WWE Stumbles on Network, PPV Buys

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The WWE will continue to push for WWE Network subscriptions after a “SmackDown” of a week in which the over-the-top service’s six-week count of more than 667,000 subscribers fell short of Wall Street expectations, but boosted the reach of its WrestleMania XXX event to nearly 1 million households, including pay-per-view buys.

WWE Network executives said they are confident the network will reach its goal of 1 million paid subscribers as it continues to build up the value of the network through the airing of its major pay-per-view shows, such as the April 6 Wrestlemania XXX.

“We do believe that there is an adoption curve, so the fact that we delivered six hours of live content Sunday, including our biggest pay-per-view ever, without a technical glitch, is the best marketing you can do for the network,” Michelle Wilson, WWE’s chief revenue and marketing officer, said.

The WWE Network subscriber news disappointed investors and sent the company’s stock price tumbling. Wilson would not comment on the stock drop, but said WWE Network as a standalone entity only needed 400,000 subscribers to break even, with the 1 million subscriber mark needed to make up for any and all revenue losses from pay-per-view.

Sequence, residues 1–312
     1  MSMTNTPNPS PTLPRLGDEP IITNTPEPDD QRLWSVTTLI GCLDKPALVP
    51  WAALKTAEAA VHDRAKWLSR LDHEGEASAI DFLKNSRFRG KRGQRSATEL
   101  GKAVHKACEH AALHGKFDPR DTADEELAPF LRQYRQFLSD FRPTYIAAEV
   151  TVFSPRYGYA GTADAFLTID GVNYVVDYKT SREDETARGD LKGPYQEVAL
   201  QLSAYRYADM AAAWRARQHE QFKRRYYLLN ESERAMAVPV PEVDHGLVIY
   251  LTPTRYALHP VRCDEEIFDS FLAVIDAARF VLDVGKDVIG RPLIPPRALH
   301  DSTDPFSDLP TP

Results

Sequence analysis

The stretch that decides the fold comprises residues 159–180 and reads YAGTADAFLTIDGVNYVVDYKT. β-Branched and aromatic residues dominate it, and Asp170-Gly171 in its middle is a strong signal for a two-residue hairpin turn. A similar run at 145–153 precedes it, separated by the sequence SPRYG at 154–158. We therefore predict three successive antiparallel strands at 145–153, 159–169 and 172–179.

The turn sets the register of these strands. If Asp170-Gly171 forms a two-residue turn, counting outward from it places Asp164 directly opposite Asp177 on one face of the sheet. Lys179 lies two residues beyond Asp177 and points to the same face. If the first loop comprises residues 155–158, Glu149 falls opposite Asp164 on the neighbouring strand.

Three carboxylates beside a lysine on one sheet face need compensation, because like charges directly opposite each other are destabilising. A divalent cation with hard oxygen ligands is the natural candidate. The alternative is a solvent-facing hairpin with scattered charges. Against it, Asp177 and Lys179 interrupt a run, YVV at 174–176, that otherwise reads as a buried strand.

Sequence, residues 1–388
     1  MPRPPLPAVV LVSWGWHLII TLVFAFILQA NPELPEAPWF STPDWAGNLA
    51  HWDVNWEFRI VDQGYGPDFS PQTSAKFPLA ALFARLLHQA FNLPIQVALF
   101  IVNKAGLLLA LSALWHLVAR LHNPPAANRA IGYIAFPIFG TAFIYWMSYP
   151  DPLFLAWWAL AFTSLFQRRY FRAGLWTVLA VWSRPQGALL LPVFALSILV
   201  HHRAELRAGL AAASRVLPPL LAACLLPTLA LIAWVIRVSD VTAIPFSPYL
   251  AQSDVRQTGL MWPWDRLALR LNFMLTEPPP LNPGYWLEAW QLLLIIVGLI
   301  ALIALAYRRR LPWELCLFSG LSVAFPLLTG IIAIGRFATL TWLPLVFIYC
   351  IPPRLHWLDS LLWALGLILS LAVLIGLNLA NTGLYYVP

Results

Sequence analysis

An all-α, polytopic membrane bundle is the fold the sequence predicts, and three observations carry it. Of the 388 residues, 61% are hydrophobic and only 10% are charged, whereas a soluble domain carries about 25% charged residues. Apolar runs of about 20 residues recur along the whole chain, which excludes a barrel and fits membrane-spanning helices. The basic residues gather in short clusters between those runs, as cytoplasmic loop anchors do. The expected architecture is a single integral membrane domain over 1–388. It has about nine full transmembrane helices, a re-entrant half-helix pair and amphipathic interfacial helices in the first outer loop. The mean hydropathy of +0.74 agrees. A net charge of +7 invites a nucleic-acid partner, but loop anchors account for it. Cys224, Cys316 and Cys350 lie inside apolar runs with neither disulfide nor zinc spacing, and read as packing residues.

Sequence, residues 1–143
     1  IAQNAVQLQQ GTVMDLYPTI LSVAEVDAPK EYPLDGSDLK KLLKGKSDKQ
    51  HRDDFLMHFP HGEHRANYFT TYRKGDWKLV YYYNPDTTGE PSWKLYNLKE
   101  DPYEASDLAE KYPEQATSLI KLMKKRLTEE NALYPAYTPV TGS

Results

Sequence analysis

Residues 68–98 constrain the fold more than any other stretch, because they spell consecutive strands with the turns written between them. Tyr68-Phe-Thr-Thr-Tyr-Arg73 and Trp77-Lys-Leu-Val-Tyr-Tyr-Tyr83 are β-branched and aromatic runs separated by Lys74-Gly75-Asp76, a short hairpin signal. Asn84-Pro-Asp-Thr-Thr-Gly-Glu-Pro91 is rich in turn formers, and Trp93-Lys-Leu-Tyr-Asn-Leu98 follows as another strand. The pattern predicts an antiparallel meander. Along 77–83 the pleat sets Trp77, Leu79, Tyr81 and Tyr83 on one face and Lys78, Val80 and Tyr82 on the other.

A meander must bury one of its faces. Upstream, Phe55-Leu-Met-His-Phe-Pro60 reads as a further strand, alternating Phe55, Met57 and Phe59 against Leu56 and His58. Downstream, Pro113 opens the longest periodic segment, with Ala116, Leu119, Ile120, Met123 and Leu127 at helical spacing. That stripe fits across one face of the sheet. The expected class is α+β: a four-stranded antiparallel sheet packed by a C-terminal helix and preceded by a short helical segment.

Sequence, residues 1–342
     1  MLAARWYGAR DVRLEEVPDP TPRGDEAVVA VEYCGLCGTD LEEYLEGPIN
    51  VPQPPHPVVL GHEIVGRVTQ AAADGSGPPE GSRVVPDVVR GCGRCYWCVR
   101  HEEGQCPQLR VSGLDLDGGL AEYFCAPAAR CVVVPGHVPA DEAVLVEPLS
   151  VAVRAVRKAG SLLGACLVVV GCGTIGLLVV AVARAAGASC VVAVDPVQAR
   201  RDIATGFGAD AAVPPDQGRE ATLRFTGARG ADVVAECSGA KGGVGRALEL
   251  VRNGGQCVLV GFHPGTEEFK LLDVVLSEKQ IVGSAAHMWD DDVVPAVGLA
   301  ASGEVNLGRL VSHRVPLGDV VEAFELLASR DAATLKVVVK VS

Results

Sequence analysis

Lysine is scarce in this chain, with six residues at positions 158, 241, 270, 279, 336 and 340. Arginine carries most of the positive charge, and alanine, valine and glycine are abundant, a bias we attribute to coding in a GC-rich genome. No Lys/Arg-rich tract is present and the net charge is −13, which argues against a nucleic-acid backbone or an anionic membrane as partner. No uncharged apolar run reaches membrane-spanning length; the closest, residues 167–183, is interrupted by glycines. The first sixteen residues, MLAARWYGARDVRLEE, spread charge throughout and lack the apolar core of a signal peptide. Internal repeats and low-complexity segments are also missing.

She would not reveal specific Wrestlemania PPV-buy numbers, but said domestically the combination of PPV buys and WWE Network subscriptions put the total Wrestlemania household reach number at nearly 1 million.

Last year’s Wrestlemania event generated about 1 million buys worldwide. “We’ve never done 1 million domestically, so we see that as more encouraging news in the fact that the network is bringing in even more than our current pay-perview buyers,” she said.

PPV event distributors reported a significant year-toyear dropoff in PPV buys due to the event’s airing on the WWE Network. One distributor said Wrestlemania buys were off as much as 50%, and that the event probably would have done better than last year had it been distributed exclusively via PPV. Distributors share in PPV revenue but get nothing from WWE Network subscriptions.

DirecTV, which had been critical of the WWE Network’s plans, said, “While we don’t release specific numbers on any pay-per-view event, WWE events have been declining steadily over the past few years, and this event is no exception.”

Still, Wilson said, Wrestlemania’s performance bodes well for other upcoming PPV events. “As long as our providers want us to offer pay-per-view, we’re happy to do that and we’re happy to give our fans a choice,” she said.

Wilson said the WWE Network will expand to other devices over the next few months, including Microsoft’s XBox One console and connected TV sets. It’s also launching new series, including Legends House, a reality show about eight former WWE superstars living in a house together.

“We believe new shows like that will continue to drive more subscribers, as well as our pay-per-view events, which are still the core of the value proposition,” she said. “We will continue to make sure every pay-per-view event is a tremendous attraction.”

Wilson also said WWE is “still in discussions” for a cable-network home for its popular Monday Night Raw and SmackDown franchises after a deal with NBCUniversal’s USA Network and Syfy expire in September. NBCU’s exclusive negotiating window for the WWE properties ended in February.

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